Whilst we had some thoughts on the potential areas and questions we might be able to answer, there was also real value from the queries that Watson suggested when presented with our defect data. Our early work showed that we could gain real insight into the patterns of defect severity along with the relationship between Actual and Estimated resolution times for defects as well as which testers were best at detecting particular types of defects. We also see potential for investigating defect root causes using the AI tools and perhaps even monitoring whether improvement initiatives (in areas such as data and environment management perhaps) are actually delivering the benefits for our testing process.
The other question for testers around AI is how testers should approach testing applications that have AI in them. As AI systems are primed with training data rather than coded, it’s hard to produce a definitive set of test cases as, unlike transactional systems, there is no deterministic result to a query directed at an AI system. There are no simple answers to this problem.
One of the more common type of AI system that is being implemented today is the chatbot. When a user approaches a chatbot, the most important task of the AI is to correctly identify what the user’s intent is, so that the chatbot can help them achieve their goal. This is done by training the AI with many examples of how users would express their goal, exactly as it would be typed or spoken by real users. Once identified, each of these is tagged with the intent of the user. For a worked example of this, and to learn how to test a chatbot, look out for our upcoming blog post on this topic.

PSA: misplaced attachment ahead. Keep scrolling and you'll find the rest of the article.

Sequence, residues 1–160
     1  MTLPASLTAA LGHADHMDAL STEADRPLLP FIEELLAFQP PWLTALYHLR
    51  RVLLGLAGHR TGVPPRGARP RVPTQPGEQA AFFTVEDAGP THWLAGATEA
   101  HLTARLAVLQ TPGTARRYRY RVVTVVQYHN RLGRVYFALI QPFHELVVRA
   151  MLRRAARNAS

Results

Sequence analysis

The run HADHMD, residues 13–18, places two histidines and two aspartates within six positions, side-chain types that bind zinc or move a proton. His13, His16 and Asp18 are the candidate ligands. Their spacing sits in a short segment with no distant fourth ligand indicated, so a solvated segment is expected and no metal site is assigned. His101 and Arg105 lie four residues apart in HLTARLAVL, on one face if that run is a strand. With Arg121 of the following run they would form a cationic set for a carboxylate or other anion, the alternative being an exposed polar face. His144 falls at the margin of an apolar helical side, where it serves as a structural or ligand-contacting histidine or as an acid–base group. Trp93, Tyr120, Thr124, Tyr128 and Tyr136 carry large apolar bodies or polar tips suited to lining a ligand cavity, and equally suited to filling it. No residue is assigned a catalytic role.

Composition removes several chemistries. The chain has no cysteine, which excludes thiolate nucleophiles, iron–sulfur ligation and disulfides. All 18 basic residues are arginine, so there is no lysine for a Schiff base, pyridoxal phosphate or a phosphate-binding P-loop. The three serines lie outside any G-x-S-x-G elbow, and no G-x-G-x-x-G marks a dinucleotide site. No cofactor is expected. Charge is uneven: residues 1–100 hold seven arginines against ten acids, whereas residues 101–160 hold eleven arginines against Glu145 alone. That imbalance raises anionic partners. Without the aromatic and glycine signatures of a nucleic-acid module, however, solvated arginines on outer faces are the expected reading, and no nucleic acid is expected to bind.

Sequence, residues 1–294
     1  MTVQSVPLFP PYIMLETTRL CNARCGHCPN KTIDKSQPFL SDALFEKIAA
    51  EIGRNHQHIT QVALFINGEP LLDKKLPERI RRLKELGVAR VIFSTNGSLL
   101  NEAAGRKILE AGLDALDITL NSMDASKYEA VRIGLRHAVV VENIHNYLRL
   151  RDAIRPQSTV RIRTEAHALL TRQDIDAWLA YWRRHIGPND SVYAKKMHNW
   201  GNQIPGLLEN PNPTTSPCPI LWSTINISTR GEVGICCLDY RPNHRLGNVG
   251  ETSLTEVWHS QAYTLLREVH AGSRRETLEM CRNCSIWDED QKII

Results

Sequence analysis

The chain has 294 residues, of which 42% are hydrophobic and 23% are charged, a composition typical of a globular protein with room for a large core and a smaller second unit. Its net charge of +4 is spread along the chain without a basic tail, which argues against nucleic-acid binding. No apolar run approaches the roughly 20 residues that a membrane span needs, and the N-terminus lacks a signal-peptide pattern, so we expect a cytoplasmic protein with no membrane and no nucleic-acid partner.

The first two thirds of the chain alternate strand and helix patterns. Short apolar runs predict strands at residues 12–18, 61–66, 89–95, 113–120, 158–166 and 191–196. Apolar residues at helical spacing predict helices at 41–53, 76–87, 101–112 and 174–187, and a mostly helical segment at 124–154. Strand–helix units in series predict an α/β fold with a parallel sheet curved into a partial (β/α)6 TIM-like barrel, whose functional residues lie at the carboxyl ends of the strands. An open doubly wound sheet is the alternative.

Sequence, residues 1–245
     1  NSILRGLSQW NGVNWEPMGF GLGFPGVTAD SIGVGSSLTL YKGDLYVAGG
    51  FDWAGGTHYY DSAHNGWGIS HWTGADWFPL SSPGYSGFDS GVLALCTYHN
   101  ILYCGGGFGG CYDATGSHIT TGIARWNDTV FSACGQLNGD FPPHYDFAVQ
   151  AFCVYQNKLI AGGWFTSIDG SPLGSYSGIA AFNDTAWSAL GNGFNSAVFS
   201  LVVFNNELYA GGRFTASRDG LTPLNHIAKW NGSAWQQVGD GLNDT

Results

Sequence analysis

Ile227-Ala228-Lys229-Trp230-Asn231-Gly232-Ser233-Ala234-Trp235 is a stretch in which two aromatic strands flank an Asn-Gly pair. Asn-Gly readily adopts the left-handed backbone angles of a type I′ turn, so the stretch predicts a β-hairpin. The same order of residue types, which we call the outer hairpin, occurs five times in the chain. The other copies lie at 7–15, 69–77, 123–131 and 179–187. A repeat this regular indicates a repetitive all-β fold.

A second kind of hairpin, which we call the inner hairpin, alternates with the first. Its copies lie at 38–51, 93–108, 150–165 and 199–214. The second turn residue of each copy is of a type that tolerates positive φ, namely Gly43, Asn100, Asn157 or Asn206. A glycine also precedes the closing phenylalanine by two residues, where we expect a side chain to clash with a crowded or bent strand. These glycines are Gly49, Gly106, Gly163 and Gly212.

For an example of testing a different type of AI system, you might be interested to read ’Test Automation for Machine Learning: An Experience Report’ by Angie Jones, now a senior automation engineer at Twitter. This article was published in the April 2017 edition of Testing Trapeze magazine, and it describes the approach that she devised to testing a machine learning algorithm and what she learned along the way. It’s a great illustration of how testers will need to think in order to engage with this type of problem.
Yes, the robots are coming and they will change what testers do, and how they do it. However, organisations still need to achieve the same outcome of software that works, and they will continue to need empathic, creative, curious testers in order to successfully do that.
Ian Smith, Head of Innovation - ROQ